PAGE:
New and improved 287(g)?

By Michelle Chen Jul 16, 2009

Since the mid-1990s, the 287(g) program has become synonymous with racial profiling and police abuse. Now that civil rights advocates, local officials, editorial pages, and even some police have criticized the program as draconian and shortsighted, the government has responded—by expanding it. The 287(g) program enables local police to partner with the feds for training and support to bust people on immigration violations. According to a recent GAO report, a lack of “internal controls" has led to huge inconsistencies in the implementation of the program, encouraging police to indiscriminately round up immigrants for minor violations. ICE’s local heroes (about 1,000 trained so far) arrested and detained tens of thousands in the last fiscal year alone. Homeland Security chief Janet Napolitano’s response to these failures is to mend it, not end it. While expanding the program to new jurisdictions, ICE is promising more oversight and "consistency." The revised program will supposedly focus on immigrants who commit serious crimes—the kind that actually harm people—instead of civil immigration violations. The basic framework will remain in place: wedding an endemically biased criminal justice system with a dysfunctional immigration policy. Rights advocates have pressed the Obama administration to scrap the program and focus instead on comprehensive and humane immigration reform. But they are also troubled by the opacity of the new program guidelines. Omar Jadwat of the ACLU Immigrants’ Rights Project said in response to the ICE expansion:

No amount of tinkering with the 287(g) program is likely to solve the fact that it threatens public safety and undermines the basic guarantee of equal treatment by increasing profiling of people who look or sound ‘foreign’… Still, DHS’s refusal to disclose these new documents is a disappointing and legally unsupportable step back from with Bush administration practice and makes it impossible to fully evaluate the changes to this highly controversial program.

Ali Noorani of the National Immigration Forum anticipates more of the rampant xenophobia made famous by Maricopa County:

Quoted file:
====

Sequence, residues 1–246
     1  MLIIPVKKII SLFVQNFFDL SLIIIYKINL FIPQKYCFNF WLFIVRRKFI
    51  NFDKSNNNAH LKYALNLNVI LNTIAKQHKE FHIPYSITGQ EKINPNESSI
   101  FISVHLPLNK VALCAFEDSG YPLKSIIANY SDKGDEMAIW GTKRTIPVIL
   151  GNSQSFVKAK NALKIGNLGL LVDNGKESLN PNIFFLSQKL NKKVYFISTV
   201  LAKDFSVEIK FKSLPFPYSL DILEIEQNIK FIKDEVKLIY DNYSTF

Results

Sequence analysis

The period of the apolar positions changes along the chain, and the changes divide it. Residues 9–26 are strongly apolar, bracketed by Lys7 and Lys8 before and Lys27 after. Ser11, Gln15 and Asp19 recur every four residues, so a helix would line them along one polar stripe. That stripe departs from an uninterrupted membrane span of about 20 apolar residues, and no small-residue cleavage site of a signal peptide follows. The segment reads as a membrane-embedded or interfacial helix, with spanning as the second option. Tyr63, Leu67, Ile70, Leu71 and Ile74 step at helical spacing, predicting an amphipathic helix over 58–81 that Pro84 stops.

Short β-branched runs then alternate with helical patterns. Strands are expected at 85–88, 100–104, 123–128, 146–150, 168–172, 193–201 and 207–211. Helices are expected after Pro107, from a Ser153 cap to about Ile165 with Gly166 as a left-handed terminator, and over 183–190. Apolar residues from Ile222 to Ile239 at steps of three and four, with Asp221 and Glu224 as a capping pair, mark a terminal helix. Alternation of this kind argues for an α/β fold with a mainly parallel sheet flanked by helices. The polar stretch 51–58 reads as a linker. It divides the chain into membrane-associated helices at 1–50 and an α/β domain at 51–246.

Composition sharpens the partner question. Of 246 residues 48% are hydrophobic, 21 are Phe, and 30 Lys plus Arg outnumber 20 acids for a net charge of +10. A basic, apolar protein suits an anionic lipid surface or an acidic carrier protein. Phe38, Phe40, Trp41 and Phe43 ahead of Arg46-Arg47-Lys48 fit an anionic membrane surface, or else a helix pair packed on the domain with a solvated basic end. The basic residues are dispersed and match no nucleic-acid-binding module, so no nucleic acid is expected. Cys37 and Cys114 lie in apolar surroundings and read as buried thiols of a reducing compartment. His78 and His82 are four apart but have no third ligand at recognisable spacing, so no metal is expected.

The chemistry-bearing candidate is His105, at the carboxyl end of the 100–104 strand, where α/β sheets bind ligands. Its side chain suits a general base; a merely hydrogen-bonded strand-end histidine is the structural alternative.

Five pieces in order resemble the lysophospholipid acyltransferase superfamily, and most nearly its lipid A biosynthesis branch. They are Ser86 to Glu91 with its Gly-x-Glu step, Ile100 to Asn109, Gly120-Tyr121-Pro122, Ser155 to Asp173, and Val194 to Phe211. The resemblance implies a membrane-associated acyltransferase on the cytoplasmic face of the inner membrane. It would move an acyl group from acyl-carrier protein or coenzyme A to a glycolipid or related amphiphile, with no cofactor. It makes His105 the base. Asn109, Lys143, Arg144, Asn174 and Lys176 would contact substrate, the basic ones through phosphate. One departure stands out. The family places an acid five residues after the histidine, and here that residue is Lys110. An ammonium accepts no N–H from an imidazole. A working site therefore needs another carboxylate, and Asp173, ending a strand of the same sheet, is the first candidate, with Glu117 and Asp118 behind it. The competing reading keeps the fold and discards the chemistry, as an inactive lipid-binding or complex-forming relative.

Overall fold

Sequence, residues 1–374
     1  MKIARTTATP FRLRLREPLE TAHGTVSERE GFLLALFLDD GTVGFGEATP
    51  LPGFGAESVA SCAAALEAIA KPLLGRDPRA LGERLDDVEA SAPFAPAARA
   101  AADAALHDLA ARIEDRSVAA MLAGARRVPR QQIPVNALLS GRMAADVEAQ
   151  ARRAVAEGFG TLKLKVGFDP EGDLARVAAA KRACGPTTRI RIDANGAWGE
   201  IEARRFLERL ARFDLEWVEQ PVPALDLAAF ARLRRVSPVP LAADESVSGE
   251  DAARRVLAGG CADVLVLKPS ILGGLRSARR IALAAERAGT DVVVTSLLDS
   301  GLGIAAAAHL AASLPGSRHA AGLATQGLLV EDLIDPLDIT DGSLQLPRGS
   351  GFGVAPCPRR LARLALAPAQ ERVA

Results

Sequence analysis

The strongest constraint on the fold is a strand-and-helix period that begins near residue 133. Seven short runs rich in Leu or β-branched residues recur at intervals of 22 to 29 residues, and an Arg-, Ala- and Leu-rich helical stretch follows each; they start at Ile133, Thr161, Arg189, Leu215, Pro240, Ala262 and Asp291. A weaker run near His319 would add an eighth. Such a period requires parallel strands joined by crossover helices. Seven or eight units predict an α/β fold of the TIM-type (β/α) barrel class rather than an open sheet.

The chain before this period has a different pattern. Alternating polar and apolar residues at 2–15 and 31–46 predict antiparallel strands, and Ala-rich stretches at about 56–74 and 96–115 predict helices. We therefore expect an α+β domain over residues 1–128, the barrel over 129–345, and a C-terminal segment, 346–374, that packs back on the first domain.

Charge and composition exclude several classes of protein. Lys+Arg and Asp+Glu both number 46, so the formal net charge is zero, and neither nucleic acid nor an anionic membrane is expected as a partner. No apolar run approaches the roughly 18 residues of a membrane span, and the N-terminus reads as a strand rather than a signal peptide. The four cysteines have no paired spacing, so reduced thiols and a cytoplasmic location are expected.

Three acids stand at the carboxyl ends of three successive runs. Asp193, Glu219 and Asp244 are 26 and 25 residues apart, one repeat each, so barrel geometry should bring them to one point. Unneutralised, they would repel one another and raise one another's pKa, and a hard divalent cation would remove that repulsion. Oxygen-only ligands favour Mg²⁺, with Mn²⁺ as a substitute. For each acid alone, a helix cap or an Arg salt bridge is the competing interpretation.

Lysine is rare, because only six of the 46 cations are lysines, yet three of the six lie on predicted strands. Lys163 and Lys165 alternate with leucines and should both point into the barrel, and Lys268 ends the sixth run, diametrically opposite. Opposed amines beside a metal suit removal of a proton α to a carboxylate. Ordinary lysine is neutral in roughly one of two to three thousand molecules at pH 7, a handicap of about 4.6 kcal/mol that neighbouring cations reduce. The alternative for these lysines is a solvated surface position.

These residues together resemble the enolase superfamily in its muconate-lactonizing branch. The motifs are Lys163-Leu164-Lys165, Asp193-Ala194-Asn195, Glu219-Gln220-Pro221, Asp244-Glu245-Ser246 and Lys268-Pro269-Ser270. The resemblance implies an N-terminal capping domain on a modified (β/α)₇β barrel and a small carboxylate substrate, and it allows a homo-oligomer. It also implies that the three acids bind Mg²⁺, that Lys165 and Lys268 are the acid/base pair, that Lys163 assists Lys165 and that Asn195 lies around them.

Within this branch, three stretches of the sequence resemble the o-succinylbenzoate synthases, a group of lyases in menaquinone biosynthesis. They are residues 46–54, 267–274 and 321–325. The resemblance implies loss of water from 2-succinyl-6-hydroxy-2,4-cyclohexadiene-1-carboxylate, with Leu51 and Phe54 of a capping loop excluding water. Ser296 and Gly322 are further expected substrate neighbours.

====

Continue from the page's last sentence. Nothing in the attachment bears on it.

Any enforcement regime that targets that population is a waste of time and money and a band-aid on an open wound, at best. We need to insist that immigrants come here through legal channels and that the immigrants already here get into the legal system – and create the mechanisms for both of those things to happen. That is what comprehensive immigration reform is about and it makes much more sense than holding out for the fantasy that we can deport 12,000,000 undocumented immigrants, that they will leave on their own because of enforcement, or that no more will come. We need to do more than tweak and expand enforcement programs; we need to change the laws.

But the biggest worries about 287(g) are the ones we’re not hearing, because they are muffled by terror. In Morristown, New Jersey, one of the most recent inductees into the 287(g) club, the increasingly alienated Latino community is laying low. Diana Mejia of the local advocacy group Wind of the Spirit told the Morristown Green, “We were in shock actually. It was muy duro, muy dificil… When we talked about immigration reform, with this new [Obama] administration, we didn’t expect these things to happen.” Community organizers say immigrants are already starting to leave the area out of fear. Perversely, some anti-immigrant activists might actually welcome that collateral impact, and balk at any effort to rein in 287(g). At the same time, even tighter standards won’t control the mentality that inspires these crackdowns. The details of the new ICE policies may come out through the ACLU’s Freedom of Information Act request, but the problem is already in plain sight: the government, in its zeal to root out "undesirables"–however they are officially defined–has never given immigrants a reason not to hide. Image: Maricopa County Sheriff Joe Arpaio (